Terry Anderson, who was abducted from the streets of Beirut, Lebanon after playing a game of tennis, was held hostage by a group of Hezbollah Shiite Muslims from March 1985 to December 1991.
Despite being held by different captors, Anderson is speaking up about the Islamic State, also known as ISIS or ISIL, and the group’s current actions in the Middle East.
Following the recent beheadings of American journalists James Foley and Steven Sotloff, some Americans are struggling to understand why families are repeatedly warned not to pay for the freedom of relatives.
Christopher Vallandingham, a University of Florida international law professor, said the U.S. government has a long-standing policy prohibiting paying ransom money in exchange for hostages. Although this government policy is not law, different rules apply to citizens and organizations.
“In 1996, Congress passed the Anti-Terrorism and Effective Death Penalty Act, which banned knowingly providing material support or resources to a designated foreign terrorist organization,” Vallandingham said.
It is illegal for citizens and organizations to pay ransom, but Vallandingham said prosecution would be unlikely because it can be argued action was taken under duress.
Despite this policy, European countries have been known to pay ransom, and Anderson said this only feeds the problem.
“European companies have paid $150 million to ISIS to release captives,” he said. “That’s $150 million in the hands of a terrorist group. That funds them, keeps them going, and that is why we don’t pay ransom.”
While being held hostage, Anderson said he understood the policy; he just had to sit and wait – blindfolded and chained – for over six years.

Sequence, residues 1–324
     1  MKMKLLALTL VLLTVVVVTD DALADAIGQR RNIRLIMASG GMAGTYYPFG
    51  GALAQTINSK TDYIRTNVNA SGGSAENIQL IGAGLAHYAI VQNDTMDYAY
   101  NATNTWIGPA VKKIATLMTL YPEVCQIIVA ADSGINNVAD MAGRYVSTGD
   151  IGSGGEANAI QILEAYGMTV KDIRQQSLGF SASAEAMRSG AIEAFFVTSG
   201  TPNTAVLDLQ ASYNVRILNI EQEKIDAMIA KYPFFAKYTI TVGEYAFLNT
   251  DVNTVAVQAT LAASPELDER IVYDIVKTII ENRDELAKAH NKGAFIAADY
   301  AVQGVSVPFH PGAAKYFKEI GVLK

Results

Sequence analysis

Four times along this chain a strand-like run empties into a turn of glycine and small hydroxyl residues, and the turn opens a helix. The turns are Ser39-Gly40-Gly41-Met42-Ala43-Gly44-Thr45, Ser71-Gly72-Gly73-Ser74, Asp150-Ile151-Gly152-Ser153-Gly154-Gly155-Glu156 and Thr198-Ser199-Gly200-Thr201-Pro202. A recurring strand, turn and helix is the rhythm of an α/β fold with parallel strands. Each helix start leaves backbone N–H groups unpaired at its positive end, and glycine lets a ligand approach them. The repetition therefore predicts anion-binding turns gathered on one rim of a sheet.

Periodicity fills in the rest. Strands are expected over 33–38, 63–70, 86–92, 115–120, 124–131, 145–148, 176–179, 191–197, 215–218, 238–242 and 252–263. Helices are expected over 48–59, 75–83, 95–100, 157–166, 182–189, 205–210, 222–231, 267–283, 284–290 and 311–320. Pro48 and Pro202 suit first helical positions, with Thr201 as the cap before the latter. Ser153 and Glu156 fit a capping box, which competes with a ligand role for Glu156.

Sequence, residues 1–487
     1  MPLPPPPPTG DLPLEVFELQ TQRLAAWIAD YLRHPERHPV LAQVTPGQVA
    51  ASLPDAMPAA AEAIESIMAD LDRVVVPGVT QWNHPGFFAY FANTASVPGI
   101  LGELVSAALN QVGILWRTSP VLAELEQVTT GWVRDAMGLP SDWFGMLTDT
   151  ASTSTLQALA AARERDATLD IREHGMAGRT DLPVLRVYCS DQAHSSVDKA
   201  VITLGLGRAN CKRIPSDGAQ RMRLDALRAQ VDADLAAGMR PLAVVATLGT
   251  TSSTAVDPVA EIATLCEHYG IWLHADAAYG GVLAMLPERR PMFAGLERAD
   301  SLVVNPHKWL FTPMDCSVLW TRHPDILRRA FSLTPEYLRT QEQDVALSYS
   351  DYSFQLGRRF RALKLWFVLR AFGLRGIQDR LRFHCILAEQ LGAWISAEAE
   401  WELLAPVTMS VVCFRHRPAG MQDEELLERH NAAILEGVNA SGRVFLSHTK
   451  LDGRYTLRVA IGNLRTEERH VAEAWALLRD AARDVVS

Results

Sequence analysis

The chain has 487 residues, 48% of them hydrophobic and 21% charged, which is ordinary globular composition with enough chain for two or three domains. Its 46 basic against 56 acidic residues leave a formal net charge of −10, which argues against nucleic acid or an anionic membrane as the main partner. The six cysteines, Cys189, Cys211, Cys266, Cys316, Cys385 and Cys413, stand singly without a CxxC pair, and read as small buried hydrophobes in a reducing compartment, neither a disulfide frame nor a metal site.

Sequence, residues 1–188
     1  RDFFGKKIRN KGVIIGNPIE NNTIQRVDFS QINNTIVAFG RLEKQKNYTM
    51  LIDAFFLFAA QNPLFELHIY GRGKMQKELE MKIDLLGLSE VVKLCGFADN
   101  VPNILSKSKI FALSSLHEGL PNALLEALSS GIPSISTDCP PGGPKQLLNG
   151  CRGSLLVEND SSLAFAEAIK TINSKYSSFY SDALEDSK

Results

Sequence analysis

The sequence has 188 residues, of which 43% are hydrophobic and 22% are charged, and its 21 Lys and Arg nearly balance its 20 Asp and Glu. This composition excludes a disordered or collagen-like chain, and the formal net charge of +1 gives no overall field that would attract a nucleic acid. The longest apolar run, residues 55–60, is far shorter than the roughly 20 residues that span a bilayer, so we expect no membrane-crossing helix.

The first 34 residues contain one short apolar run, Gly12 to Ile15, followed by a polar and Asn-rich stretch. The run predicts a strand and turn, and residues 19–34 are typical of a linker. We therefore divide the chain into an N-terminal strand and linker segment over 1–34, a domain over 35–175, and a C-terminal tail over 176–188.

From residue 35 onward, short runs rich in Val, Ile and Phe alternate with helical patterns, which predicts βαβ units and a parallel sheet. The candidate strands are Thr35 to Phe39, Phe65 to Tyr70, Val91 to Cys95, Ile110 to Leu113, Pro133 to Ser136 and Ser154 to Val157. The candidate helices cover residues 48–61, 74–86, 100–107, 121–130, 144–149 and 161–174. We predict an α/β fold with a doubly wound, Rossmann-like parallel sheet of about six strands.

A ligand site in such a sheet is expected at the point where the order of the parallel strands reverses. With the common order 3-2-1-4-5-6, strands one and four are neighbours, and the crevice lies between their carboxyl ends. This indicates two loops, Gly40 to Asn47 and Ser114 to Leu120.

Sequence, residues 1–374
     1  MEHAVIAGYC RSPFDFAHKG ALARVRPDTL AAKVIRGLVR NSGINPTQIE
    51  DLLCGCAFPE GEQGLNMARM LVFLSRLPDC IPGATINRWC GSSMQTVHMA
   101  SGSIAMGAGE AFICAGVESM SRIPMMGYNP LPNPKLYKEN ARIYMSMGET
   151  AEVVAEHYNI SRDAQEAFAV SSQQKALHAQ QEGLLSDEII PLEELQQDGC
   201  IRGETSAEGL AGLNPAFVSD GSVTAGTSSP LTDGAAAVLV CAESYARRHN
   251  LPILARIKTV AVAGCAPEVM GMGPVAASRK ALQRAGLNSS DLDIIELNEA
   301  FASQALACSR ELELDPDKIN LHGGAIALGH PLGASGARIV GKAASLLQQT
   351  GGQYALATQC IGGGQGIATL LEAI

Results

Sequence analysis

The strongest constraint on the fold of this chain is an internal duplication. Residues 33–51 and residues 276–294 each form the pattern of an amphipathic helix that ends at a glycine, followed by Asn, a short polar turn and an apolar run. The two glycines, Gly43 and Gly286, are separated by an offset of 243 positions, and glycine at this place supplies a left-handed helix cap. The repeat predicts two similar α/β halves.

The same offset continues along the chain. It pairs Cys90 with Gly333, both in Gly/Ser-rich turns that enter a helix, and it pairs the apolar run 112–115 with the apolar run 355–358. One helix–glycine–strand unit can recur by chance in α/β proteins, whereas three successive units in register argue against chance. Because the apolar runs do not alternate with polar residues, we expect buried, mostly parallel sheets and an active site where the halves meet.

“I never believed the U.S. government would negotiate on my behalf,” he said. “It was a mistake then, and it would be a mistake now.”
That doesn’t mean Anderson was “praying for a Delta Force to come crashing through the ceiling.” He wanted to go home.
“I wanted to get the hell out of there,” he said. “But on a rational basis, and really any moral basis, I should be no more important than anyone else.”
Anderson said terrorists are most likely taking Americans in hopes of gaining publicity.
Things were different during Anderson’s time in captivity because the U.S. government traded weapons for the release of hostages. Anderson said his captors were looking for anyone from the West.
In an effort to take a stance against the Islamic State, Agence France Presse, an international news agency, will not post photos or videos taken by freelance journalists in territories controlled by the extremist group. Additionally, it will not refer to the group as a “state,” in an effort to limit their publicity – an action Anderson said he agrees with.
“Do we have to show their films?” he asked. “No. That is pornography. They’re horrible. Nobody really needs to see that.”
Despite his time in captivity, Anderson still feels passionately about journalism and is teaching two courses at the University of Florida this fall semester. He is also the honorary chair for the Committee to Protect Journalists.